If anything, the Pac 12's toughness indicates that the Huskies probably don't need to book such a tough schedule in coming seasons. With a conference loaded with legit challengers, the Huskies can put a McNeese State or a UNLV (or two) on the schedule and ensure themselves a better shot at a 10-11 win season (if not a shot at a national title should things break right) without diminishing their stature via strength of schedule.
Maybe that was by design: Maybe coach Steve Sarkisian knew that with a young team of newcomers and newly minted starters that, while good, they didn't have the material to run the table and wanted to temper expectations for 2013... which wouldn't have happened if the team went 9-3 or 10-2 against a more normal schedule. If they finish that well in 2012, expectations for 2013 skyrocket: They have to at least do that well, if not compete for the national championship, or fans will be disappointed. Ask Frank Solich how well finishing "only" 9-3 did for him before that record and higher expectations got him fired from Nebraska.
Sarkisian probably had faith his team could net a bowl game against a loaded schedule, and with the team displaced from Husky Stadium during renovations, why not make this a battle-test season?
Not that this absolutely was the intent (I don't know that and am just taking a loosely educated guess), but whether or not it was by design Sarkisian has set the table for an improved Husky team to take a big step forward in 2013.
For now, UW faces a good look at 8-4 and a chance to impress at a higher profile bowl game. Given a schedule that would have crushed the average football team, as far as I'm concerned they've already had a very impressive season.

Sunday, November 11, 2012

Andrew Luck is carrying the Colts on his back. For real.

With little help from the running game and a crappy defense backing him up (aka the same Colts team that went 2-14 last year), Andrew Luck has led the Colts to a 6-3 start.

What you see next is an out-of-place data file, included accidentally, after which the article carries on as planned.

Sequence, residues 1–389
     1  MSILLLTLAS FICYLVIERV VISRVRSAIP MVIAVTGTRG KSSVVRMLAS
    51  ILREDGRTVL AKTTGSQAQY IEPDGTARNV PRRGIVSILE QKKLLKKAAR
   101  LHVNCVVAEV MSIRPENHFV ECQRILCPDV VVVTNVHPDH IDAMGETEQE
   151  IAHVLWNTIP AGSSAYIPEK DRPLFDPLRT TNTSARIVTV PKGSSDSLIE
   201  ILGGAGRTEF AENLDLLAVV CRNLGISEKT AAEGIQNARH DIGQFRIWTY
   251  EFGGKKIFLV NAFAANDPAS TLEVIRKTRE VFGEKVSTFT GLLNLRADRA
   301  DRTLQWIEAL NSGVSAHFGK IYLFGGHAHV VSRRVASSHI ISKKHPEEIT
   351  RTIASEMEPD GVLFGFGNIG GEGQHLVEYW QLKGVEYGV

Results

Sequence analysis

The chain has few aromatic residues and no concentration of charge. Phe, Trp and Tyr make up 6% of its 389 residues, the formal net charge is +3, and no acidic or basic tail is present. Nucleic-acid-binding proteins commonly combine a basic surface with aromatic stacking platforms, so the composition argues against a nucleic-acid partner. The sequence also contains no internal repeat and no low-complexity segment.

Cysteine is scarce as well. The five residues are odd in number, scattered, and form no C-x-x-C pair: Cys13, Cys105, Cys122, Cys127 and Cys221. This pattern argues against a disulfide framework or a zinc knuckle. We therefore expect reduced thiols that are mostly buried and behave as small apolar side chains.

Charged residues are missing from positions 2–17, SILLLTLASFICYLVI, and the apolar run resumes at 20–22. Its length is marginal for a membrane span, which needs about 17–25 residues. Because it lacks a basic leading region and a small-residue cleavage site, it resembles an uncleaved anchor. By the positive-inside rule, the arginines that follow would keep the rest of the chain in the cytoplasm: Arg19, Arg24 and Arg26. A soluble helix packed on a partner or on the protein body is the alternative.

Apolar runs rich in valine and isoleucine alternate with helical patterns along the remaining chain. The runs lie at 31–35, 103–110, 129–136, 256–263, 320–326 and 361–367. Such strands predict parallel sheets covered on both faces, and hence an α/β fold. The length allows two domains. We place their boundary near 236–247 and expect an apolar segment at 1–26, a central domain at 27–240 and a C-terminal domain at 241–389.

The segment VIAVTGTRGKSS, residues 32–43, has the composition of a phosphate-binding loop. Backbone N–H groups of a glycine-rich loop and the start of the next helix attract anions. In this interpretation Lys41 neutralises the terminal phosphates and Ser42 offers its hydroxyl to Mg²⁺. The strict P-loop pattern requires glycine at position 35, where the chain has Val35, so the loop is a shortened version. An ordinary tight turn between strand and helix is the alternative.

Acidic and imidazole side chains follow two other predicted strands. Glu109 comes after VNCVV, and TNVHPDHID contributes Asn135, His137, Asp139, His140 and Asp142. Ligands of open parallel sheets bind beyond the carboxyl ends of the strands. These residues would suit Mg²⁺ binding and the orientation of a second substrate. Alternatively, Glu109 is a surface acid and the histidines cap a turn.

Frequently when a team wins with a new QB at the helm, the QB gets an inordinate amount of credit when in reality, the rest of the team played a large role while the QB was just one of several factors.
But right now the Indianapolis Colts, with rookie and #1 draft pick Andrew Luck at QB, sit at 6-3. The year before the Colts finished a disastrous 2-14 following the loss of franchise QB Peyton Manning, a loss that starkly illustrated how well Manning's play had disguised the Colts' numerous weaknesses once Manning wasn't there to carry the team on his back.
Without Manning the Colts were 27th in offensive efficiency according to Football Outsiders, 27th with the pass and 22nd with the run. The defense was a fairly crappy 23rd, and the Colts finished a fairly crappy 2-14, putting head coach Jim Caldwell's standing in suitably crappy condition to get fired after the season.
With much of the same personnel in 2012, the Colts have improved under Luck. The offense efficiency is now 15th, in large part thanks to the passing game under Luck. The yards per play improved from a 4th worst 4.8 ypp in 2011 to a league average 5.5 in 2012. The team rebounded from the 2nd worst first downs (252 in 16 games) to the 2nd most 1st downs as of today (213 in 9 games). Over 2/3 of those 1st downs have come via the pass (128 passing 1sts, 60 rushing 1sts).
This improvement on offense comes despite a useful but inefficient running game (985 total yards, 13th best, but a mediocre 3.9 ypg, 19th best). Luck has had to throw an average of 40 passes per game, and hasn't been Drew Brees level efficient (57.5% completion rate, 10 TDs to 9 INT and an okay-ish 79.1 QB rating), but has average 292 yards per game and has led two 4th quarter comebacks for the Colts this season.
Far and away his leading receiver is career Colt Reggie Wayne, who had a trio of 100 catch seasons under Peyton Manning but, coming off a 75 catch campaign in 2011, already has 69 through 9 games, is averaging a career high 103 yards per game and is on pace for a career high 123 catches. Journeyman Donnie Avery (38 catches) is on track for his best season yet, plus rookies Dwayne Allen (25 catches) and T.Y. Hilton (24 catches) have contributed as well. Save for Wayne (and again he wasn't a game changer last year during the 2-14 campaign), I wouldn't call any of those players an equal or greater catalyst to the Colts' turnaround than Andrew Luck.
Oh, and the defense? Football Outsiders not only shows that they've regressed, but by defensive efficiency they are actually the worst defense in the NFL. Even by more conventional stats the Colts defense is still a liability, 18th best in yards allowed and allowing a fairly awful 4.7 yards per gain on the ground (29th best).
So with much of the same personnel on both sides of the ball except for a couple of halfway decent 3rd round picks at receiver, AND with coach Chuck Pagano on hiatus to battle cancer, AND with a mediocre running game that's forced the passing game to win games by itself, AND with an even worse defense than last year's 2-14 team... Andrew Luck has led the Colts to a 6-3 record.
It looks like the Colts have found their franchise QB. Just wait until they build a better team around him. Like Peyton Manning did before him, Andrew Luck may lead an NFL dynasty in Indianapolis for years to come.